Recently in the online edition of the U.S. conservative magazine National Review, California-based Canadian Doug Gamble provided Americans with an astute analysis of Canada’s upcoming winter election.
Gamble noted the three national parties—the Conservatives, Liberals and New Democrats—could be “best described as left, more left and most left,” relative to America’s Republicans and Democrats. Then, of course, there is the Bloc, which works to take Quebec out of Canada.
It requires distance to get perspective.
From outside, Canadian politics appears to be crowded into a very narrow spectrum of thinking, where the idea of individual liberty is held suspect and subordinated to the needs of collective interest, articulated and defended by the guardians of the same.
A history of a country is a complex tapestry of many threads, yet there are dominant themes or motifs separating one history from another.
Liberalism in Canada—the sort retailed by the Liberal party—has been consistent with the country’s founding theme of “peace, order and good government,” in contrast with the republican liberalism of America, which promotes “life, liberty, and the pursuit of happiness.”
Canadian liberalism has been elite-driven and top-down.
For a long while in the last century, such thinking served Canadians well, and a country built in harsh latitudes came to be viewed by many around the world with envy.
But a country’s life can never remain still.
Change is the pulse of life and it is paradoxical.
Just when Canadians thought they had rightly become the global model of success, they got pulled back to the reality of losing their country, of not being immune from the perils of nationalism that have devoured so many countries.
Both success and the fear of failure can paralyze thought. The late Northrop Frye, one of our most eminent thinkers, warned of such an eventuality. In a 1990 essay, Frye wrote: “Nothing has improved in this century except science and scholarship, which have improved because they have no boundaries. If they do have boundaries, in other words if they are politically controlled, they soon become sinister and dangerous.”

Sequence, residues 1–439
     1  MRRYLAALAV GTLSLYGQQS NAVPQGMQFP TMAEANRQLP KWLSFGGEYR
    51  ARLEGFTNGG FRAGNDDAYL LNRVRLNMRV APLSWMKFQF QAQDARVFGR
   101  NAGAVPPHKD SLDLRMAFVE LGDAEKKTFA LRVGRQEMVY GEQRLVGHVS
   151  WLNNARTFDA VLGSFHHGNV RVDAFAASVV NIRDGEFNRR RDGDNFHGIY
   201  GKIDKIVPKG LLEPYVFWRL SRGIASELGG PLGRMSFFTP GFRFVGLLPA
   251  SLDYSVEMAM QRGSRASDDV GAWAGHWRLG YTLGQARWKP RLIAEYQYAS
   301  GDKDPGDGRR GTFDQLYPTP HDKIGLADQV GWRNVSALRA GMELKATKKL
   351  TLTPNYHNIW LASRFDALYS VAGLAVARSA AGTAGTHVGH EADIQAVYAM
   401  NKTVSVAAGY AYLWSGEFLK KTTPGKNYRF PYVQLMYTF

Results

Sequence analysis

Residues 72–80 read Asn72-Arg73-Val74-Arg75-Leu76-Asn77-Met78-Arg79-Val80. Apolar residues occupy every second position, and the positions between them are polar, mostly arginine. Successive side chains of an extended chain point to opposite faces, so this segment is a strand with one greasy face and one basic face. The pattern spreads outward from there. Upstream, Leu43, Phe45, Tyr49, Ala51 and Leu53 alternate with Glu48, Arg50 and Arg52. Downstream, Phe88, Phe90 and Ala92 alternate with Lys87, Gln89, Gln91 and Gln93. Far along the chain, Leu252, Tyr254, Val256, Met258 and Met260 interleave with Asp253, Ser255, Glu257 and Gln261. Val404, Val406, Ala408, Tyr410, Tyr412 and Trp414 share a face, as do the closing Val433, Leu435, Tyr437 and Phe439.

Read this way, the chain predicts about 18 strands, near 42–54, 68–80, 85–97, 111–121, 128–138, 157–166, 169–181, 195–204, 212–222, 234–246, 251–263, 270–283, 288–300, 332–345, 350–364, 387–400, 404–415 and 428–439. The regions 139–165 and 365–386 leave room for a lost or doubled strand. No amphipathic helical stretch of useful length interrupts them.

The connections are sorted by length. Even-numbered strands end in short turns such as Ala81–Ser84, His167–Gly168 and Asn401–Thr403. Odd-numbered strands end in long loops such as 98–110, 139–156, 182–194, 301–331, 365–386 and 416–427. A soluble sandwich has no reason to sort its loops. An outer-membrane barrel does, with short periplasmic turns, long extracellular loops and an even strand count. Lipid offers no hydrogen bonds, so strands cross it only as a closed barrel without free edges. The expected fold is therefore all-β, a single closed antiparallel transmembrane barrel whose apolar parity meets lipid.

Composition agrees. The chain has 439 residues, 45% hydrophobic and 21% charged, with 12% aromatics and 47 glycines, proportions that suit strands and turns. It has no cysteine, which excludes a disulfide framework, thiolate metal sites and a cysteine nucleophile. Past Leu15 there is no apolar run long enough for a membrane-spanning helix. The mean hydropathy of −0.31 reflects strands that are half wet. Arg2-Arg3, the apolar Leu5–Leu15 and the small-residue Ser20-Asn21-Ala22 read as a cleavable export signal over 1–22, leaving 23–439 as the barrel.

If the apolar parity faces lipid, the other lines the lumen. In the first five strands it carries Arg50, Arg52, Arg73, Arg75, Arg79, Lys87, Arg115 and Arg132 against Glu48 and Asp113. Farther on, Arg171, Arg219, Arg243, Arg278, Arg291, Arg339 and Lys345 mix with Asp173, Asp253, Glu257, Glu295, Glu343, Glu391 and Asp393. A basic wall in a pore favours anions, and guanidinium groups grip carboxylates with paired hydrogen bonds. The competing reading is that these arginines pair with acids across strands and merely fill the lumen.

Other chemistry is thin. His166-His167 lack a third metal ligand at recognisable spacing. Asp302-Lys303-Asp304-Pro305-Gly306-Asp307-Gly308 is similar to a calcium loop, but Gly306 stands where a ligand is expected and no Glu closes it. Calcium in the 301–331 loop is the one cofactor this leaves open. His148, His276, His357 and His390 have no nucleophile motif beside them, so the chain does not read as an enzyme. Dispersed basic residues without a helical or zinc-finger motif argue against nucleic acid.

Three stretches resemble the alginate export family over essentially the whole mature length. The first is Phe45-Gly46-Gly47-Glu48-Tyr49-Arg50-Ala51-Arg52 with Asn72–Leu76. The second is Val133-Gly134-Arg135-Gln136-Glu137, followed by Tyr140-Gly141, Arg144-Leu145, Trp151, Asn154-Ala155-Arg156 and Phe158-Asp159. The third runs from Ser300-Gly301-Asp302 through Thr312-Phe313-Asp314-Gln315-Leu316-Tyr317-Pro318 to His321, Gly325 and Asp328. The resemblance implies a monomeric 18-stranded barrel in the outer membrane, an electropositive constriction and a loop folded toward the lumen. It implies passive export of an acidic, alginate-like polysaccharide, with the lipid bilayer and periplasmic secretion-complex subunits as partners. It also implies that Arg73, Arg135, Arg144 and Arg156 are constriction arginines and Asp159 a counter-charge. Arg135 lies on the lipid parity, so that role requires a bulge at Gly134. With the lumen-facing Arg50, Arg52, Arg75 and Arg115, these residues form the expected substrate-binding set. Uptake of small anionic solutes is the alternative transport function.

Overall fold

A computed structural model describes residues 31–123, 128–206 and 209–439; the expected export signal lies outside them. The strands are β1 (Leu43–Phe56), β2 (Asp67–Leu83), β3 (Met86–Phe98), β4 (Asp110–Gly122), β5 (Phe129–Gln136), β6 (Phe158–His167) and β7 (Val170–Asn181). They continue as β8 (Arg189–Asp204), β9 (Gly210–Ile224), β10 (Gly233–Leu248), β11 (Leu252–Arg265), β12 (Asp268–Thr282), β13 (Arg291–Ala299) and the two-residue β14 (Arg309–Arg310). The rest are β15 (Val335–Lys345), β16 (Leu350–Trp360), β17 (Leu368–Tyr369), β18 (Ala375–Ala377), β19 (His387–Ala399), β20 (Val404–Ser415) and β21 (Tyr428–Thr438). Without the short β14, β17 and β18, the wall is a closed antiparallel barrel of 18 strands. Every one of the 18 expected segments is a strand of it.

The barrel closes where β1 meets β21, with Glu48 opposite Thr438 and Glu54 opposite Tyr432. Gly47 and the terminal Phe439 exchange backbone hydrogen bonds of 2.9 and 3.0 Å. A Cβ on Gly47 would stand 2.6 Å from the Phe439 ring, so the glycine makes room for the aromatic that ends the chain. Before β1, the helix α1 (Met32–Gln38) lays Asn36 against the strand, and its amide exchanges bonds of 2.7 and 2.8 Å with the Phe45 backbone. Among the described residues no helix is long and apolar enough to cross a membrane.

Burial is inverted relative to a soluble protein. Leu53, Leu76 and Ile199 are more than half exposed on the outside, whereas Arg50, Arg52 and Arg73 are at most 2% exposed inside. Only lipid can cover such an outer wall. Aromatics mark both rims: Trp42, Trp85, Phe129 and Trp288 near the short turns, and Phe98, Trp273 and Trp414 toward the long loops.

The success of science and scholarship also requires (and Frye did not mention this) that a society respect individual liberty as the noblest goal of politics. But the narrowness of thinking on which rests Canada’s current political consensus on most issues—social spending, health care, defence, foreign policy, immigration, bilingualism and multiculturalism—constrains our ability to think outside the box.
The differences among the main parties, including the Bloc if we set aside its separatist agenda, are more a matter of shades than of substance.
The result is predictable.
The public, or a strategically significant portion, wants to be seduced by promises, and the success of the Liberal party has been its ability to sell them—at least, until the Quebec AdScam, which has now placed the party and the country into some jeopardy.
We cannot expect this election will resolve the fundamental problems afflicting our country, unless we are prepared to expand the spectrum of our thinking and set aside our famous smugness, which seems based on the unsustainable notion that somehow we have greater moral sensibilities than our neighbour to the south.
In the meantime we can expect, as our politics become increasingly disconnected with the needs of a fast-changing world economy, our political leaders will confuse their sound and fury with the requirements to think fresh and critically on issues resistant to prevailing consensus.